Al·li·ance, v. t. To connect by alliance; to ally. [Obs.]
1. The state of being allied; the act of allying or uniting; a union or connection of interests between families, states, parties, etc., especially between families by marriage and states by compact, treaty, or league; as, matrimonial alliances; an alliance between church and state; an alliance between France and England.
2. Any union resembling that of families or states; union by relationship in qualities; affinity.
The alliance of the principles of the world with those of the gospel. --C. J. Smith.
The alliance . . . between logic and metaphysics. --Mansel.
3. The persons or parties allied.
Syn: -- Connection; affinity; union; confederacy; confederation; league; coalition.
n 1: the state of being allied or confederated [syn: confederation]
2: a connection based on kinship or marriage or common
interest; "the shifting alliances within a large family";
"their friendship constitutes a powerful bond between
them" [syn: bond]
3: an organization of people (or countries) involved in a pact
or treaty [syn: coalition, alignment, alinement]
4: a formal agreement establishing an association or alliance
between nations or other groups to achieve a particular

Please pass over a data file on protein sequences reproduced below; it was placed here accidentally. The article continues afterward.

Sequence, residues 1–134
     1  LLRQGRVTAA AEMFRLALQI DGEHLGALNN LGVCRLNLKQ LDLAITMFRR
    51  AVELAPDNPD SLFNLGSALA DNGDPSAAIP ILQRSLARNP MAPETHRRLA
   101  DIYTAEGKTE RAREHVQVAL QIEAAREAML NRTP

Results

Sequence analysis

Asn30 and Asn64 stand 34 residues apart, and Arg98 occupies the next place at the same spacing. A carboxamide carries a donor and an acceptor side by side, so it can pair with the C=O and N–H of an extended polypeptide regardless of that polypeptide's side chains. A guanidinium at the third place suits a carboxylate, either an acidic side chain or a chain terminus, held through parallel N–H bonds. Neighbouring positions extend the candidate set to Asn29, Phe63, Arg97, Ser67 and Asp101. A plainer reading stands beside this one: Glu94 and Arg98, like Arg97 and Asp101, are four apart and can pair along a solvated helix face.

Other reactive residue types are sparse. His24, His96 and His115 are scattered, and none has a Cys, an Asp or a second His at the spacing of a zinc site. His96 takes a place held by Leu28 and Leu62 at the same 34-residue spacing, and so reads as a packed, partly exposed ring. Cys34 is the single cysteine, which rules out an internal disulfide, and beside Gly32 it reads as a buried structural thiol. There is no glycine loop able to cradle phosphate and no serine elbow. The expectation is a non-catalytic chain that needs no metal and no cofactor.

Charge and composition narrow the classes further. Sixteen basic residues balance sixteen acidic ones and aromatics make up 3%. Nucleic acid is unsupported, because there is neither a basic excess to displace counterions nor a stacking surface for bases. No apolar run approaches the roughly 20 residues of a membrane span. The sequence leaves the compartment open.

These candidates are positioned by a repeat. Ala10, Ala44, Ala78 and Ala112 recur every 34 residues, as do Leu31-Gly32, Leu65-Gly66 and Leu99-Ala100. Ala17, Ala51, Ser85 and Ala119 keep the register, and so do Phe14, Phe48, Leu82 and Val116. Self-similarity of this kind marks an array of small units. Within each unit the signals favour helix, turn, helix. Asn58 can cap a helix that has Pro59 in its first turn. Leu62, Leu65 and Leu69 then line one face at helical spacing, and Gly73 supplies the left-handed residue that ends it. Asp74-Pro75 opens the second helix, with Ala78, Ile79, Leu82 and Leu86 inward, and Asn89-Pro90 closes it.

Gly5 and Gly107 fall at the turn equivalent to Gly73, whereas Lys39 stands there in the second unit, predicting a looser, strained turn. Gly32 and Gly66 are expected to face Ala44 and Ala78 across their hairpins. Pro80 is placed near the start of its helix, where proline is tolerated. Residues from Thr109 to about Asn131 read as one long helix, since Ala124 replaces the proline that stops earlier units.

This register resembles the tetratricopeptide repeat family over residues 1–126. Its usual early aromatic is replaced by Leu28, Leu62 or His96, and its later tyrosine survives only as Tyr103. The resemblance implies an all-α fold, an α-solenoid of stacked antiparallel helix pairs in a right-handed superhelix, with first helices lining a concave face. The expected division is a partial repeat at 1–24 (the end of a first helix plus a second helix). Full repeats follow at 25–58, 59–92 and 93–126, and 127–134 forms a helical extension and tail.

5: the act of forming an alliance or confederation [syn: confederation]
a treaty between nations, or between individuals, for their
Abraham formed an alliance with some of the Canaanitish
princes (Gen. 14:13), also with Abimelech (21:22-32). Joshua and
the elders of Israel entered into an alliance with the
Gibeonites (Josh. 9:3-27). When the Israelites entered Palestine
they were forbidden to enter into alliances with the inhabitants
of the country (Lev. 18:3, 4; 20:22, 23).
Solomon formed a league with Hiram (1 Kings 5:12). This
"brotherly covenant" is referred to 250 years afterwards (Amos
1:9). He also appears to have entered into an alliance with
Pharaoh (1 Kings 10:28, 29).
In the subsequent history of the kingdoms of Judah and Israel
various alliances were formed between them and also with
neighbouring nations at different times.
From patriarchal times a covenant of alliance was sealed by
the blood of some sacrificial victim. The animal sacrificed was
cut in two (except birds), and between these two parts the
persons contracting the alliance passed (Gen. 15:10). There are
frequent allusions to this practice (Jer. 34:18). Such alliances
were called "covenants of salt" (Num. 18:19; 2 Chr. 13:5), salt
being the symbol of perpetuity. A pillar was set up as a
memorial of the alliance between Laban and Jacob (Gen. 31:52).
The Jews throughout their whole history attached great
importance to fidelity to their engagements. Divine wrath fell
upon the violators of them (Josh. 9:18; 2 Sam. 21:1, 2; Ezek.